If this is what can be delivered by technology today, imagine what we will be able to do in the future. Imagine the power that this can deliver to business all over the world. An additional few hours of productivity on a flight could add up to a lot of value for a business. Of course the benefits of virtual desktops are not just available to big businesses, but also small business. Anyone can afford to set up a virtual desktop infrastructure. You can start small and grow to whatever scale you need to. If you choose to do it with Nutanix and need anything from 150 virtual desktops to over 200,000 virtual desktops, then Nutanix will guarantee the performance and the service levels if you go with the VDI Assurance Program. I would encourage everyone to give VDI a try. But even if you don’t want full VDI desktops, now with VMware Horizon View 6.0 you can do application presentation. It would definitely be worth taking a look. As always comments and feedback are welcome.
This post appeared on the Long White Virtual Clouds blog at longwhiteclouds.com, by Michael Webster +. Copyright © 2014 – IT Solutions 2000 Ltd and Michael Webster +. All rights reserved. Not to be reproduced for commercial purposes without written permission.
Thanks for sharing the story. We debate the value of VDI in our company. I had a terrible experience in my previous company as the latency made productivity very difficult. So I have a mental hurdle to overcome at this point and I hope that as VMware's Horizon View 6.0 product improves, the experience improves. As a user right now, I will believe it is a viable option when I can actually see it work in a real world environment.
I would characterise this situation as worse than normal real world latency as most corporate VDI won\’t be backed by a DSL connection at HQ. but the usability is good. This is on View 5.3. So I\’d expect 6.0 to be even better. Definitely worth trying.
Good to hear about your high-latency experience. With Citrix acquiring FrameHawk, they have raised the bar in this space. I was at a technical conference last week put on by a Heavy-Citrix VAR, and the Citrix folks really made Horizon View / PCoIP look bad. They showed a recorded demo which included two Windows 7 virtual desktops running a YouTube video. The first was a FrameHawk-enabled XD7.5 desktop at 250ms, and the second was a Horizon View desktop with the same network limitations. The View desktop could only muster 1-2 fps, while the XD7.5 with FrameHawk was probably more in the teens (fps). I asked them about a possible "testing specs sheet" and they said they didn't have one. Seemed like a FUD-fest to me.
Not really apples-to-apples (in terms of latency), but I took out my laptop and connected to my Horizon View 5.3 desktop via my hotspot (which was getting just south of 100ms in latency. I watched a YouTube movie trailer without much of an issue. I think some of the folks next to me began to somewhat doubt the video we just watched.
Yeah. You can make those tests go any way you like. I have no Tera cards, no accel in GPU or anything. My environment is just normal view on normal servers. 250ms is the average day for me accessing a desktop in San Jose. <200ms on a good day. Who watches a high def video over a 250ms latency connections and expects high frame rate anyway? We are still bound by the laws of physics. But this experience with close to 1s latency shows just how usable the technology is.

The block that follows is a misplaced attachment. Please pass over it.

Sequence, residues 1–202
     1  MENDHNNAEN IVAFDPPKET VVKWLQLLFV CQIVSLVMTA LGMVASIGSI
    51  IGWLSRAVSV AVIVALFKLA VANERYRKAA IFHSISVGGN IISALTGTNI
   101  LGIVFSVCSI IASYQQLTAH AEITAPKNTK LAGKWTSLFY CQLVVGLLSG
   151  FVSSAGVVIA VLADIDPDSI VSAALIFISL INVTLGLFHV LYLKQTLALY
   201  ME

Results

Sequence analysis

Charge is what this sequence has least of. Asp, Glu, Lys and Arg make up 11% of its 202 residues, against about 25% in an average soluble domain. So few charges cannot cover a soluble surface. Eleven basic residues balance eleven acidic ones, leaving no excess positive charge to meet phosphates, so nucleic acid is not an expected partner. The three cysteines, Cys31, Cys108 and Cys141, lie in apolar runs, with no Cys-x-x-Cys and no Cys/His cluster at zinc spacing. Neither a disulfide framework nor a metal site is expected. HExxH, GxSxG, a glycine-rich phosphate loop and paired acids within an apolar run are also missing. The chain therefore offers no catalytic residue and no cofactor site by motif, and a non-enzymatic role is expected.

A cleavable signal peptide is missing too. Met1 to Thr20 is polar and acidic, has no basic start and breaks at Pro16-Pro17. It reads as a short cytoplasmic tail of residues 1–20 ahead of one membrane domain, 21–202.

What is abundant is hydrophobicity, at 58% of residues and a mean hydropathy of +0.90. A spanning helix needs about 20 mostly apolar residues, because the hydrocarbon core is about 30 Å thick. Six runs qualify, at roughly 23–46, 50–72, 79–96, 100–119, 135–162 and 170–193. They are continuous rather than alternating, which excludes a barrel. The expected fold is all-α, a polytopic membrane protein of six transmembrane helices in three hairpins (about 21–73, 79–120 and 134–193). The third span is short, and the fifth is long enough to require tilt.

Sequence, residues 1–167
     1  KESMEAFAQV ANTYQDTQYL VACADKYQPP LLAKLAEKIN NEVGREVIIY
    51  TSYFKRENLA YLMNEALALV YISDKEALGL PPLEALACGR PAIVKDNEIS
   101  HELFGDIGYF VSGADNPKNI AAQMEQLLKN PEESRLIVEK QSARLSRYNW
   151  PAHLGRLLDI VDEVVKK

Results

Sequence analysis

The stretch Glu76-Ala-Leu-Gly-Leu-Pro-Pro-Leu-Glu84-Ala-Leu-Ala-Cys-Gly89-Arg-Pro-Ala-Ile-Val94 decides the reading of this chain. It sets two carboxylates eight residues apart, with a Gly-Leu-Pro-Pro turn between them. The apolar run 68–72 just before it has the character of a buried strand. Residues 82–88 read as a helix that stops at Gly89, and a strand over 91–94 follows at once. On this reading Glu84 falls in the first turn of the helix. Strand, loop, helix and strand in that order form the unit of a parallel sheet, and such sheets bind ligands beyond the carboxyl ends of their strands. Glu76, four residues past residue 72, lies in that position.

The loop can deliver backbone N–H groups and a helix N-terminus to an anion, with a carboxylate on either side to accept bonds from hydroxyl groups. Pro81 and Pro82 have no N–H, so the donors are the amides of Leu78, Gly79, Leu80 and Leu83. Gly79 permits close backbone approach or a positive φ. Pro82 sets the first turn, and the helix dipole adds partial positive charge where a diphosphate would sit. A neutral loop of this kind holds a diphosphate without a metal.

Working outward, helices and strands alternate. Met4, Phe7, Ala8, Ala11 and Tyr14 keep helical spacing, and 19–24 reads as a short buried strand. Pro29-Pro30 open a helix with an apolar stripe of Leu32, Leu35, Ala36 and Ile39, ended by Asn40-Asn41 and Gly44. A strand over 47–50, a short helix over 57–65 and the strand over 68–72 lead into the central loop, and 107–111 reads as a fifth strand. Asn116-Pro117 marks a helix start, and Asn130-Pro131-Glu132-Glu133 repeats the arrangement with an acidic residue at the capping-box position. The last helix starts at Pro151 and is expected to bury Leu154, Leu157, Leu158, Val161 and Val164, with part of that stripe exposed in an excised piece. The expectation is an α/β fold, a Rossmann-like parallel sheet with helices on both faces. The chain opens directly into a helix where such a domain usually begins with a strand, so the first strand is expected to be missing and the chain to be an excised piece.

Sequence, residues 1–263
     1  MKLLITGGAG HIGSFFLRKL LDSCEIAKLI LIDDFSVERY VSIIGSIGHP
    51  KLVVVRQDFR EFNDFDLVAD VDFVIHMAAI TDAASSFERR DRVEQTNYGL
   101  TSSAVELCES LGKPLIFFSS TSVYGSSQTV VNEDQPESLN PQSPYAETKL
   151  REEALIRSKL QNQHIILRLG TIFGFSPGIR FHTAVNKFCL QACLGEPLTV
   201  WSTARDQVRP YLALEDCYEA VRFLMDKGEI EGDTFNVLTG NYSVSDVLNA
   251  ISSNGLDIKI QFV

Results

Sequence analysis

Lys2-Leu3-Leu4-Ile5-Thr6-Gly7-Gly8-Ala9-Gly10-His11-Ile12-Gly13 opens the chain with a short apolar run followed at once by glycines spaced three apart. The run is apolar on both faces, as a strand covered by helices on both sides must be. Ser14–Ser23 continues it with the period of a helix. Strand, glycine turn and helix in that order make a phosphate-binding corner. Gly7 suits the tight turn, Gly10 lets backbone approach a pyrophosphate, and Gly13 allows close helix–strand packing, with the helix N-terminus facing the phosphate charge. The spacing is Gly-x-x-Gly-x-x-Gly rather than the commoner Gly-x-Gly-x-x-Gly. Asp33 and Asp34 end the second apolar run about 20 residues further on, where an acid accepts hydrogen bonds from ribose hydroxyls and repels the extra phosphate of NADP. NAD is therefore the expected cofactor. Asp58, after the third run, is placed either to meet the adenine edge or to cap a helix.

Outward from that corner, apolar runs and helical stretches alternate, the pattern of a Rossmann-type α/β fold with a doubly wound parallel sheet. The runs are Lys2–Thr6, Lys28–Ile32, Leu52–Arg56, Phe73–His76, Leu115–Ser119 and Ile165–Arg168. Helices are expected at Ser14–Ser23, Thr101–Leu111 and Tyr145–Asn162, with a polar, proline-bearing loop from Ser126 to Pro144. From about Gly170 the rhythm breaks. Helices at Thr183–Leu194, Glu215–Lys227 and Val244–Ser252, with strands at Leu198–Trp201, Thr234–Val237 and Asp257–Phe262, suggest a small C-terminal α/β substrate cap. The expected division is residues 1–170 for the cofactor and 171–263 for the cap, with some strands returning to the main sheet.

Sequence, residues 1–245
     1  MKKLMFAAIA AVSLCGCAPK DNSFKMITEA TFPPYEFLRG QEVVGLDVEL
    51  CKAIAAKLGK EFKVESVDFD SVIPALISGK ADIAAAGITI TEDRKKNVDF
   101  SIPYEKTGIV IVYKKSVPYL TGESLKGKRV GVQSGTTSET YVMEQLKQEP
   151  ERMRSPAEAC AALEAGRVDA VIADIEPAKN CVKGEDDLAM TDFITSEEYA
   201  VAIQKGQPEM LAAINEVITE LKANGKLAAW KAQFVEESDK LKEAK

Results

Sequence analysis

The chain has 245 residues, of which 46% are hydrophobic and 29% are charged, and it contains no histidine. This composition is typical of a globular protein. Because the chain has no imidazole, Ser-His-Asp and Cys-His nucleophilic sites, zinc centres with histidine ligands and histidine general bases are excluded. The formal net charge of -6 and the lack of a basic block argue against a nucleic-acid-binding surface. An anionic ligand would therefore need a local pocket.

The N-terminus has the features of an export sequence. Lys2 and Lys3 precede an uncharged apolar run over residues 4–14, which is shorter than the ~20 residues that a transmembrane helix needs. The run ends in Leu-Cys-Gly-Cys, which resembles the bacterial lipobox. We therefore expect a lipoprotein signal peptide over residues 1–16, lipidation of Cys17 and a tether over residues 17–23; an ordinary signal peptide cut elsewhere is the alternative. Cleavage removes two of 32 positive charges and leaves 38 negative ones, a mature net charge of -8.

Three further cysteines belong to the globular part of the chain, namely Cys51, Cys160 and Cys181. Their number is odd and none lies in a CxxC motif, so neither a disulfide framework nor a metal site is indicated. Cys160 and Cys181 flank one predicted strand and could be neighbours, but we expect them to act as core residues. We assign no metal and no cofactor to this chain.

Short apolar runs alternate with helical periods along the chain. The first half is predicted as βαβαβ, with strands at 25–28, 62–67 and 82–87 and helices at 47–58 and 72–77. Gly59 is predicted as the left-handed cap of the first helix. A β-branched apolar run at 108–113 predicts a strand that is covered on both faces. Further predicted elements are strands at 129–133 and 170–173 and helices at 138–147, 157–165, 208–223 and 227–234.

I saw a similar 'demo' recently (at Citrix's Synergy conference in LA) and I asked the FrameHawk technical guys afterwards 'so what were the frame rate and build to lossless (BTL) settings chosen for the View desktop?' and got blank looks. I suspect BTL was set very high (possibly even 100%) to show View in the worst possible light. As Michael says these 'demos' can be slanted to make any product look better than the competition and I take them all with a very heavy pinch of salt.
If you know you're going to have high latency there is absolutely no point trying to build to lossless and this is one of the first settings that would be tuned to improve the overall user experience. I would go as far as to say that BTL is only required for specific applications, such as medical imagery and high end design and should probably be modified anyway.
Was it pure View PCoIP client or HTML5 access (browser based) that you used to access your Virtual Desktop on the plane?
I was using the native View client from my Mac. I could have used the HTML5 blast protocol. But I had the client handy.
[…] VMware View from the Horizon at 38,000 feet and 8000 miles away This is a great blog article that Michael has written. Using View from so high, and so far away, your desktop is pretty cool […]
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I flew a week ago. Inspired by your blog and by Gunnar Berger's videos, I decided to try this up in the air. It worked well. Latency of 600-900 ms, bandwidth of 2-6 Mbits. Here is the video result:
That's a great video. Thanks for making it.
[…] VMware announced the Horizon Workspace Suite, which combines all of their End User Computing products, which will make it more easy to purchase and consume these products, although they are still separate products that will likely require professional services to integrate. Project Fargo and the Cloud Volumes addition will have some great benefits in the future for all environments as it will make it much quicker to deploy applications and use them anywhere, and on any device. Apps and end user delivery at the speed of life. So you can work where you want, when you want. Like in my article about The VMware View from the Horizon at 38,000 Feet and 8000 Miles Away. […]